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Rajput Policy of the Mughals

Rajput Policy of the Mughals

Babur:

  • Babur arrived in India at Rana Sanga’s invitation. His desire to stay back in India after the 1st battle of Panipat brought him in conflict with Rana Sanga of Mewar whom he defeated in the battle of Khanwa in 1527.
  • Babur then defeated Medini Rai of Chaderi in a battle in 1528.
  • The Rajput resistance could not be minimized because of their defeats, but if not Babur, the Rajputs would have established their hegemony over north India.

Humayun:

  • When Bahadur Shah, the ruler of Gujarat invaded Mewar, Rani Karnavati ruling on behalf of her minor son Rana Vikramaditya requested Humayun for help, a call to which Humayun responded.
  • During Humayun’s reign, many Rajput chiefs became practically independent as Humayun had to contend with Sher Shah.

Akbar:

  • Akbar realized the need for a complete revision of policy and attitude. He understood that there could be no Indian empire without Rajput participation and no social or political synthesis without their involvement.
  • Being the prudent statesman he was, he rose above the petty prejudices of the age and evolved a policy which speaks of his political acumen.
  • So he entered into matrimonial alliances with the Rajputs, the first of which was his marriage with Bharmal’s daughter in 1562.
  • He also married his son Salim to Rajput princesses. Akbar followed a liberal religious policy, in 1562 he stopped forceful conversions of prisoners of war, in 1563 he abolished pilgrim tax and in 1564 he abolished Jajiya.
  • He granted Rajputs equality of status with Muslim nobility, gave them important posts. Todar Mal was made revenue minister, Bhagwan Das and Man Singh were given high mansabs.
  • He used Rajputs in the Gujarat insurrection, battle of Haldighati and the rebellion of Mirza Mohammed Hakim.
  • He initiated progressive social measures, such as, ban on cow slaughter, abolition of sati, child marriage, infanticide and also legalized widow remarriage. Being an imperialist by instinct and concerned about political unification of India, he was ruthless against Rana Pratap.
  • All these measures ensured peace in Rajputana. Also, Mughals paramountly implied controlling succession to the throne in these states.    Rajput Policy of the Mughals
  • The Rajputs rendered valuable services to the empire by acting as its sword arm and also professed personal loyalty to the emperor as he was now their blood relation. His Rajput policy also ensured control over Rajputana which opened up vital trade routes with Gujarat and also with Cenral Asia.
  • Rajputs loved art and literature and contributed to the development of composite culture. Also, acceptability of Mughal rule among the Hindus increased, giving it the much needed social legitimacy.
  • The state was secular and non-sectarian in nature and the inclusion of Rajputs also broad based the composition of the ruling elite. It also improved Akbar’s position vis-a-vis the Muslim nobility.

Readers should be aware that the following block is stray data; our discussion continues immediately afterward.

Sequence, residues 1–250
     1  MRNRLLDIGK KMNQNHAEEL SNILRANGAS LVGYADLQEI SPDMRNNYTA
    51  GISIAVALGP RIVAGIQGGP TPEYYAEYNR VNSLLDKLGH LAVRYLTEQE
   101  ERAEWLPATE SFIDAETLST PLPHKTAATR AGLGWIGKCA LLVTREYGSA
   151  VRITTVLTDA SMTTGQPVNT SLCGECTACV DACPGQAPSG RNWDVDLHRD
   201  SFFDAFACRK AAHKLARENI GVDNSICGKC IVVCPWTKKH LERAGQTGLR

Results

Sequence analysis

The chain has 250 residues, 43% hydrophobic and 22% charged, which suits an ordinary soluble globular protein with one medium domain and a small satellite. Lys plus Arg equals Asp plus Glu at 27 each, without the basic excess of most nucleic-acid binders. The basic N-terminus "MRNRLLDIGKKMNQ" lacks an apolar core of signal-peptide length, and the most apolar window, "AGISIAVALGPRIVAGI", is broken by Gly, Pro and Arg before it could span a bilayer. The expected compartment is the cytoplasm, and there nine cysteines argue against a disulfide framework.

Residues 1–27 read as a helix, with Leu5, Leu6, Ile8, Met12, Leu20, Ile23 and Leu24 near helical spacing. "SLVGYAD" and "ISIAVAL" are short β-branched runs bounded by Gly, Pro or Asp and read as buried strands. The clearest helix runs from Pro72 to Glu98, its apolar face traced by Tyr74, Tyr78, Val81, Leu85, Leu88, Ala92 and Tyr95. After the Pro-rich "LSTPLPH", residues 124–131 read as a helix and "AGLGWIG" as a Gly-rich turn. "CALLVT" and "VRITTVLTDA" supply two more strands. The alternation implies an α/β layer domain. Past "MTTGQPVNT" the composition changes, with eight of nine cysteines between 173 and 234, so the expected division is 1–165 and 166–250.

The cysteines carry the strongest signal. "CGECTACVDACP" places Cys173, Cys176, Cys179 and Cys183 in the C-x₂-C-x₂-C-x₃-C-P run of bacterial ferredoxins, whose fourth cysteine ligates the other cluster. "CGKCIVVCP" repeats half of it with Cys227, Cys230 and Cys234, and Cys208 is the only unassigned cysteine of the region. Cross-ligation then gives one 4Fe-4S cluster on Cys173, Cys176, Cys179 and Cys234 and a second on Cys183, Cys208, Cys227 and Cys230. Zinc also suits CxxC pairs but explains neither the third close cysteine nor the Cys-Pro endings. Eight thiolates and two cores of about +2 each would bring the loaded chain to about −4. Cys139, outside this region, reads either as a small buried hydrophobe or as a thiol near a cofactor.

Jehangir:

  • Was born to a Hindu Rajput lady. He was also a friend of Rajputs. He married Rajput princesses and continued Akbar’s policy in good faith as is evident from the favourable terms dished out to Rana Amar Singh in the Mughal — Mewar treaty of 1614, brought about by the efforts of Prince Khurram (Shah Jahan).
  • According to the treaty, Prince Karna, the son of Rana Amar Singh was given the mansab of 5000 Jat and 5000 Sawar.
  • Amar Singh was freed from the Mughal court personally and the fort of Chittor was given back to Mewar state on the condition that it would not be repaired.

Shah Jahan:

  • In his time, there was a partial reversal of his father’s and grandfather’s policy as is evidenced by his turning a blind eye to the destruction of some temples by Aurangzeb.  Rajput Policy of the Mughals
  • Even then, there was no radical change in the Rajput policy.

Aurangzeb:

  • He came to power with the help of orthodox Sunni clerics. He reversed Akbar’s policy towards the Rajputs.
  • In the early years though, he used much of the Rajput diplomatic and military strength of Maharaja Jaswant Singh Rathod of Marwar and also of Maharaja Jai Singh of Amber who brought Shivaji to his knees.
  • But Aurangzeb got Jaswant Singh Rathod involved in fighting against the tribals in the north­west frontier where he fell fighting at Jamrud in 1678.
  • Harsh treatment was meted out to Jaswant Singh’s family after his death. Also the destruction of temples, the re-imposition of Jajiya in 1679 against Hindus as also his public proclamation of Jehad against Hindus in 1679 made the Rajputs raise the banner of revolt.
  • The Rajputs of Marwar under Durgadas, Ranchor Singh and Raghunath Rai Bhatti took up arms against the Mughals in the name of Ajit Singh of Marwar and then Mewar also for some time supported the cause of Marwar.
  • The Mughals suffered reverses. Prince Akbar, offended by his father Aurangzeb’s behaviour rebelled. So, Aurangzeb with his art of making enemies, alienated the Rajputs. The Rajputs showed that if they could support the empire, they could weaken it as well.
  • This was realised by Aurangzeb’s successors who courted the Rajputs and their demands for high mansabs and restoration of their homelands had been accepted within half a dozen years of Aurangzeb’s death so much so that the Rajputs ceased to be a problem for the Mughals.  Rajput Policy of the Mughals
  • The Rajputs played no active and organised role in the subsequent disintegration of the empire.

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